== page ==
There was a time when big, slammer bluefish made runs up Chesapeake Bay each spring, following the baitfish, feeding heavily and delighting fishermen. Those runs have not been seen for a decade, and now bluefish action on the bay is principally for 1- to 3-pounders.
While the bay fishery for blues diminished and size and creel limits were set, the coastal fishery also was dwindling, and anglers and fisheries managers have been trying to find a solution to the decline.
Tomorrow in Alexandria, Va., the Atlantic States Marine Fisheries Commission is to vote on a reduction of the catch limits for recreational and commercial fishermen, slashing the recreational creel limit from 10 fish per day to three.
A quota of 7,938,500 pounds would be set for the commercial catch.
The catch reductions, which would take effect in 1996, are designed to reduce the take in each segment of the fishery by at least 20 percent. The management plan calls for a 50 percent reduction in the bluefish catch in coastal waters.
James Phillips of Annapolis, Maryland's representative on the ASMFC bluefish advisory board, said that the numbers game being played is somewhat confusing.
"This is all directed toward the coastal fish, those 12- and 15-pounders we don't see in the bay anymore," Phillips said. "And while there is a 10-fish limit out there, no one is catching that many per day, anyway."
So in order to reduce the percentage of the actual catch, the reduction in the creel limit cannot be directly proportional.
If the proposal is passed, states still would be able to set alternative regulations, as long as they meet or exceed the conservation standards set by ASMFC. The options range from a three-fish creel with no size limit to a 10-fish creel with a 13-inch or greater minimum size.
The Maryland Department of Natural Resources will again conduct a managed hunt for antlerless white-tailed deer at the Smithsonian Institution's Environmental Research Center in Anne Arundel County this year during the state's modern firearms season, which is set for Nov. 25-Dec. 9.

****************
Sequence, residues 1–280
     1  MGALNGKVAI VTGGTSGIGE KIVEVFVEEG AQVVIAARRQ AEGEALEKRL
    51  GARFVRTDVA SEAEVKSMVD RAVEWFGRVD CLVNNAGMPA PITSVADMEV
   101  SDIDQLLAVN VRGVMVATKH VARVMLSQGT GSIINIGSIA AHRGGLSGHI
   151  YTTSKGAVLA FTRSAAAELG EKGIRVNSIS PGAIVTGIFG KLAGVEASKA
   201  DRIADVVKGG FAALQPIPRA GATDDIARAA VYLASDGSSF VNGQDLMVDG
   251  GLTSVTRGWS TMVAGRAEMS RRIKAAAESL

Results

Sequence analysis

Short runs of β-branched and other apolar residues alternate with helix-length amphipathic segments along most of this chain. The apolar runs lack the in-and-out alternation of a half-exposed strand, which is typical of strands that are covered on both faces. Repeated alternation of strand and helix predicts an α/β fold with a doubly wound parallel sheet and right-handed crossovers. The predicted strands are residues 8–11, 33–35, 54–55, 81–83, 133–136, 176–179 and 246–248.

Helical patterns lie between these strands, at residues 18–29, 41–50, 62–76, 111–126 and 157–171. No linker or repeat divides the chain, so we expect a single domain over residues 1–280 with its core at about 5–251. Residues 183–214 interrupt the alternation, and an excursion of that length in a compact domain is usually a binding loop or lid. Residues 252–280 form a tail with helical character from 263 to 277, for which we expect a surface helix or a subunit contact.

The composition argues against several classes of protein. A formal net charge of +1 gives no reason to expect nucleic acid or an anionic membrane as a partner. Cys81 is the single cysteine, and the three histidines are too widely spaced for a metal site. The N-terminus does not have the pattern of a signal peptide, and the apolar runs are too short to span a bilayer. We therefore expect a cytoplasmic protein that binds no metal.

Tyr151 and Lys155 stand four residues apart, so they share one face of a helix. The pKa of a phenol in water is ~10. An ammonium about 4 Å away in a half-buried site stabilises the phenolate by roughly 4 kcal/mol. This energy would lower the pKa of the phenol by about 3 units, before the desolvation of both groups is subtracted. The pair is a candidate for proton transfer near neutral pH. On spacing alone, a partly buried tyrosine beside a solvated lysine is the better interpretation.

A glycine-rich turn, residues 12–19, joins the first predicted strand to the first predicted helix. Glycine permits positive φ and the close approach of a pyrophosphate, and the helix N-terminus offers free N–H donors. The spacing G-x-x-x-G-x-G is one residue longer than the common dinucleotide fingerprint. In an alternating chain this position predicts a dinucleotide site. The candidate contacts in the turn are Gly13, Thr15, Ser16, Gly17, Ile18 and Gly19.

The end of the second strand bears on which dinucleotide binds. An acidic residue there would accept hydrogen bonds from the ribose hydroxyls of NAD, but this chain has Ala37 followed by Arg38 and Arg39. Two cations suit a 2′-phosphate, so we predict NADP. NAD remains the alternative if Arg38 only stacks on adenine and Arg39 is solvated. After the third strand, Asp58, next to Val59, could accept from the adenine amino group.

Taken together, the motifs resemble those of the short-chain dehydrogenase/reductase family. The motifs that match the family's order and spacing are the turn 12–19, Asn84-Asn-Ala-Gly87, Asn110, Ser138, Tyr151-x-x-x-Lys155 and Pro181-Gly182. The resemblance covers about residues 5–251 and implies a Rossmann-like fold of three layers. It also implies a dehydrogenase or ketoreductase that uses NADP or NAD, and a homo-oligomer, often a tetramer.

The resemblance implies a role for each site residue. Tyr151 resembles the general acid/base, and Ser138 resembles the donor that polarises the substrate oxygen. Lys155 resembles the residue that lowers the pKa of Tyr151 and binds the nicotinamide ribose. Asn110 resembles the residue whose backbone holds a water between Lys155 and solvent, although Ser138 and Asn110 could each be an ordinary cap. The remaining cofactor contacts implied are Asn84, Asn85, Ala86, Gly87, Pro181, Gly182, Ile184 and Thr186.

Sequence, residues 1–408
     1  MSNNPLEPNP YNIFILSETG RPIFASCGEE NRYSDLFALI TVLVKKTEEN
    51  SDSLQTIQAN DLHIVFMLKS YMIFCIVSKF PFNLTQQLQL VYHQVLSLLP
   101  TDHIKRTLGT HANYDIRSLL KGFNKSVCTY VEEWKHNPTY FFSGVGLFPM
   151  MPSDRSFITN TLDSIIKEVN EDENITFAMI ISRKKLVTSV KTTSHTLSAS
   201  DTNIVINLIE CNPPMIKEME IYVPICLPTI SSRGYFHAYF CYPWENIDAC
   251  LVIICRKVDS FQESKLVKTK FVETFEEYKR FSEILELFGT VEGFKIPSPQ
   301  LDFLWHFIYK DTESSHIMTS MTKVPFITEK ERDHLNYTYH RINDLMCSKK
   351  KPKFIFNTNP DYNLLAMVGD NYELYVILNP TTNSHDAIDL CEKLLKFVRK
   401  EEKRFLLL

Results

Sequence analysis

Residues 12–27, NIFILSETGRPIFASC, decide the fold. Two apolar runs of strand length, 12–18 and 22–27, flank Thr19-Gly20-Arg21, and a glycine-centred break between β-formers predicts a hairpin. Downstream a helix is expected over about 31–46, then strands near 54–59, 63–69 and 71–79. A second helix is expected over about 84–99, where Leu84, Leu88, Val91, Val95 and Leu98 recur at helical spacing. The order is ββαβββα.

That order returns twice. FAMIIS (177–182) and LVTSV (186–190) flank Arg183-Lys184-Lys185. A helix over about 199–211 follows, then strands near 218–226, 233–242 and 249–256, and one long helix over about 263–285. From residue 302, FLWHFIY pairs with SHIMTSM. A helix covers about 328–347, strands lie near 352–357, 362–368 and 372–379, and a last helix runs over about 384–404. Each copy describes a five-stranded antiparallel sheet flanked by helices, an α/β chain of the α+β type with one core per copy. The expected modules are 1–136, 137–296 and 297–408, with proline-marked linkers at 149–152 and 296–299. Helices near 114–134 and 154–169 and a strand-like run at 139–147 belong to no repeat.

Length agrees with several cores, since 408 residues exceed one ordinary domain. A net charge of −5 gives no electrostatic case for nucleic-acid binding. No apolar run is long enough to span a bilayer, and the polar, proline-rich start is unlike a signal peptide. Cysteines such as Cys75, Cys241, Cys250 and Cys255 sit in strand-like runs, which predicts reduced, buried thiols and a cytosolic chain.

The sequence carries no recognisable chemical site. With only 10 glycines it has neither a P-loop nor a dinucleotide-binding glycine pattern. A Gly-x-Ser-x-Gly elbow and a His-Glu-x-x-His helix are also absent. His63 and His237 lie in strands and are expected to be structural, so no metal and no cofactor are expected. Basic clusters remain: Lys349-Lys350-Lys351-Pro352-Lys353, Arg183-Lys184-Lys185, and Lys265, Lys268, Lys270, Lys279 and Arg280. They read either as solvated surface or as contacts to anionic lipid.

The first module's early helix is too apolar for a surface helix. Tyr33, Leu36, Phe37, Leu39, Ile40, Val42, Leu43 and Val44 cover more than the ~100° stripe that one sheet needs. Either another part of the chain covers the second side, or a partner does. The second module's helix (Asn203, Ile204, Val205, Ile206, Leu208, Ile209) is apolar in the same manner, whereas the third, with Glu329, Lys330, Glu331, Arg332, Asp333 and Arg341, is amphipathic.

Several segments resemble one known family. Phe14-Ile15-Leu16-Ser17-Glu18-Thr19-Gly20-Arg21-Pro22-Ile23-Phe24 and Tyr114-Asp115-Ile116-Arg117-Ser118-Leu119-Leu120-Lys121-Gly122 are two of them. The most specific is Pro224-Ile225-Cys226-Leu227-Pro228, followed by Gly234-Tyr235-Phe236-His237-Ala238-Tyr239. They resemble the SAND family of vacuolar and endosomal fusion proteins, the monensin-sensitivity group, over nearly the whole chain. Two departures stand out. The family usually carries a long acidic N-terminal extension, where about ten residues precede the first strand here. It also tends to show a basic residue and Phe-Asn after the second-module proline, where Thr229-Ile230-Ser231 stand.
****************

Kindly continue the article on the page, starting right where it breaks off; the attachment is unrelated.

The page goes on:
Hunters will be restricted to the use of shotguns with rifled slugs, will be required to hunt from tree stands that are at least 10 feet off the ground and must have passed a hunter safety course. Hunting hours will be from 30 minutes before sunrise until 2 p.m.
Hunters, limited to 14 per weekday and 22 per Saturday, will be picked by lottery drawing on Oct. 17.
Interested hunters must send a 3x5 index card and a self-addressed, stamped envelope to DNR Wildlife Division Office, 5625 Myrtle Grove Rd., La Plata, 20646, so that it will be received no later than noon on Oct. 13.
The card must contain the following information: Full name and address, daytime and evening telephone numbers, current hunting license number, valid hunter safety certificate number, five preferred hunting dates and, for those with mobility impairments, the number of a hunt-from-vehicle permit.
The drawing will be held Oct. 17 at Myrtle Grove and those selected will be notified by mail. All individuals selected must pass a firearms sight-in proficiency test to be held on Nov. 11.
VHF radio fee cut
The Federal Communications Commission fee for VHF radio licenses has been reduced from $115 to $75. The FCC, at the direction of Congress, had increased the fee from $35 to $115 over the past two years.